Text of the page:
Struan Erlenborn and David Trimble,
Even though some may claim to love theatre, I think it is very difficult to truly fall in love with theatre until you have attempted performance. The same way a school child watches his football loving dad screaming in the stands, he is not going to understand it fully until there is grass under his boots and a ball flying towards the opposing goal. I started performing at five, far before I could even comprehend a theatrical study. I stood before the audience before I could even read lines. It is easy to fall in love that way.
Now this is not to debase the importance of theatrical study. I could not honestly sit here at my computer as a theatre editor and say that the only way to love theatre is to do it. Theatre performance was my defining childhood occupation and it was not until I took a break in St Andrews that I spent any real critical time with the art. Thank God for Phillip Parry and the curiosities of the St Andrews English department advising process for putting me in both his drama classes. Until then, I had never been forced to analyse theatre as I had with novels and poems. Just sitting down, reading the damn pieces, and listening to Parry’s inquisitions was invaluable. Study put words to the way theatre made me feel as a young boy. Until then, the page was just a rule book of where to go and where not to go. The character was your creation. I was too young to realise the importance of the thought that goes into every detail of dialogue and scene. Theatrical study taught me the preciousness, and preciseness, of the piece, its fragility, and the magic that came from the attention to that detail. And now here I am, sitting at the computer eager and determined to keep my flame alive with investigation into the art for The Tribe magazine. Here goes nothing.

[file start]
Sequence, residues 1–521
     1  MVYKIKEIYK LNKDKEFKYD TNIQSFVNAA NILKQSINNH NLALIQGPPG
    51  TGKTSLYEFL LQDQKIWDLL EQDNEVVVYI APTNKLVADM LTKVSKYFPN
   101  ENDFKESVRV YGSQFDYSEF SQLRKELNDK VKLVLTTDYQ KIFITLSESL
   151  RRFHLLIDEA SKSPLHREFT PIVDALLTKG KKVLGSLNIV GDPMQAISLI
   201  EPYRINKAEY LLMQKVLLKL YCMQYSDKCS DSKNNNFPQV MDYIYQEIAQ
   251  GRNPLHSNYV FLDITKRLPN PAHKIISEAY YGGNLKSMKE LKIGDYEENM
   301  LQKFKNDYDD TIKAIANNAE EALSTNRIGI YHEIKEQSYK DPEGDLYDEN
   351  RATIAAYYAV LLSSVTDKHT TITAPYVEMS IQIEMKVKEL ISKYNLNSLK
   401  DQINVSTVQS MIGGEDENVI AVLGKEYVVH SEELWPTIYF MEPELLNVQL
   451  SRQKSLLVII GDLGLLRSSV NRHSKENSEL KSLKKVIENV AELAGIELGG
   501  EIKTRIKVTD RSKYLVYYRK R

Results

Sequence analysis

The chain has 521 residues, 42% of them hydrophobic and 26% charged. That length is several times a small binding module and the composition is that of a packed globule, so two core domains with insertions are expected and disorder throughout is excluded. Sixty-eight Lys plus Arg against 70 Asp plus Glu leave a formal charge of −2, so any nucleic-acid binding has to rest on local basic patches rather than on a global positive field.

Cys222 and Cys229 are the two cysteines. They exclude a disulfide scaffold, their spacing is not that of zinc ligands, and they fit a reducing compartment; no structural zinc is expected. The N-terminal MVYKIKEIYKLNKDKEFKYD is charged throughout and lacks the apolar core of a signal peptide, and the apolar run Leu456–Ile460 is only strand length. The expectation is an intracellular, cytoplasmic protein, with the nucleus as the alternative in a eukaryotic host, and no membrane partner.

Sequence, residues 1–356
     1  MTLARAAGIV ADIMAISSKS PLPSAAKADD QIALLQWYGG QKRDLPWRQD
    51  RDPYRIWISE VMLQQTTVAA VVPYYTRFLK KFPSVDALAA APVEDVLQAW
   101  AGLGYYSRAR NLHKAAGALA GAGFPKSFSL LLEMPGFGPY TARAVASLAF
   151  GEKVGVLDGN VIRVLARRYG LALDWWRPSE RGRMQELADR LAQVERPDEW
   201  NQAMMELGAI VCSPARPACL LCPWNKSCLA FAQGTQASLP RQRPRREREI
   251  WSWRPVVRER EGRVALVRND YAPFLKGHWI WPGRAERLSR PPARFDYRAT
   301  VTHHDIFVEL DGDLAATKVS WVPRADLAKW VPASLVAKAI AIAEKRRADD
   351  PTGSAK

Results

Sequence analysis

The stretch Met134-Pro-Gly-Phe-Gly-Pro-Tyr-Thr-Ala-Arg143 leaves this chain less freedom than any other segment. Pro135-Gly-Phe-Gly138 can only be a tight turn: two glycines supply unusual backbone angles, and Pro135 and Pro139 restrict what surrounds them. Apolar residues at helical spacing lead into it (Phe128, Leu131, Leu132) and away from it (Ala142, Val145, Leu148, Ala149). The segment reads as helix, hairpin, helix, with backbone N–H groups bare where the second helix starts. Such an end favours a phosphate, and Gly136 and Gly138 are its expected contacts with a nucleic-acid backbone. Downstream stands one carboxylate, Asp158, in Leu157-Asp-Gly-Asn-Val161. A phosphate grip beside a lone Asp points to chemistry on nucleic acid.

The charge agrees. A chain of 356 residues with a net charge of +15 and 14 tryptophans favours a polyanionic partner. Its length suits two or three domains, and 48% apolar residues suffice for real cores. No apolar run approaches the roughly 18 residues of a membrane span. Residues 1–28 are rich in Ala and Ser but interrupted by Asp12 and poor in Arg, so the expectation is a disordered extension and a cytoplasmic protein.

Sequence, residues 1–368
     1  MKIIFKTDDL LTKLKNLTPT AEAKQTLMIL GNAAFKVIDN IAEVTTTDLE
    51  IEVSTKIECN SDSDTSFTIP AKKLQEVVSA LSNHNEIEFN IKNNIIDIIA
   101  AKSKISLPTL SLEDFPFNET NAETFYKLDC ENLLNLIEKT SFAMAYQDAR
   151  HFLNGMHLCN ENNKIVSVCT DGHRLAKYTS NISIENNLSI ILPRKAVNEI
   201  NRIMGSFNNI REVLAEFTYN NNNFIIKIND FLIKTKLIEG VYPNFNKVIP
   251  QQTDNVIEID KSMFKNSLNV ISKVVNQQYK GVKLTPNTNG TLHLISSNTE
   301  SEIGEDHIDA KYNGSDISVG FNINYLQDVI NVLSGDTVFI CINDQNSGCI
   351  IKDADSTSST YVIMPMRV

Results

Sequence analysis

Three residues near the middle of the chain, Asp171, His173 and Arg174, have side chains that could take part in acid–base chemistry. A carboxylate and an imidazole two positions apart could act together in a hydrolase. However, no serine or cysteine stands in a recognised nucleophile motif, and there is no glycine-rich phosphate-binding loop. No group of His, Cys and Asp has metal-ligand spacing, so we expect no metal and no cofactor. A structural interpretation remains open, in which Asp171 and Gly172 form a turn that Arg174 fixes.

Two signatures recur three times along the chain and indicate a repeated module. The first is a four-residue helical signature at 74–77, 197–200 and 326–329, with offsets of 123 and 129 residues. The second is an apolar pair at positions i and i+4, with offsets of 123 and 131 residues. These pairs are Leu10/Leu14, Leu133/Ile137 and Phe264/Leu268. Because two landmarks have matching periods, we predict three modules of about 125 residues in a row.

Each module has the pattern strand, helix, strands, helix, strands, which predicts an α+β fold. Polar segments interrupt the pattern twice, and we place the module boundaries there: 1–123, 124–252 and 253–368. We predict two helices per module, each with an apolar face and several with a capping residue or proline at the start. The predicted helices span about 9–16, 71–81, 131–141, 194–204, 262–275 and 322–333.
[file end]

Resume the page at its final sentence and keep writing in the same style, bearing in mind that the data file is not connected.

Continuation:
It disappoints me that coming from a country that has such a rich theatrical tradition, has created some of the most daring playwrights of the past two centuries, and has often laid claim to the quip that it taught the English their own language, I never really encountered Irish drama until I searched it out myself. Instead my first proper encounter with drama, if I am barring the Christmas panto (and I am), which almost put me off theatre for good, was the most quintessential English playwright in the most quintessentially awful arena for it to be discovered – Shakespeare at school. I was lucky to have a fantastically expressive teacher who made Julius Caesar exciting. Upon re-reading the play, it appears the f-word does not appear as much as it did when my teacher read it in class, but he did make a lasting impression that has me still a little bit obsessed with the bard. And from that, a love of the theatre in general.
But why do I enjoy theatre? I can name ‘old Will’ as my jumping point (which is just embarrassing for an Irishman) but what is it that makes the stage ‘magic’? It is because, to me, theatre is the most natural form of expression. People talk about ‘found poems’ but is not everything around us ‘found theatre’? I think in a way we can view theatre as distilling the stage that is all around us (Shakespeare said it better of course, ‘All the world’s a stage, etc.’).
And its unique selling point is its immediacy — it opens up a dialogue between the stage and the audience. And it does not belong just to the Ancient Greeks, nor to Shakespeare’s lot, and not even to the Irish; it is universal. Actress Fiona Shaw expressed it well when she described the theatre as ‘a fantastic whore and could be anything. If a thousand atom bombs drop, somebody will stand up in the ashes and tell a story.’
So that is me, David, one of your theatre editors for this year.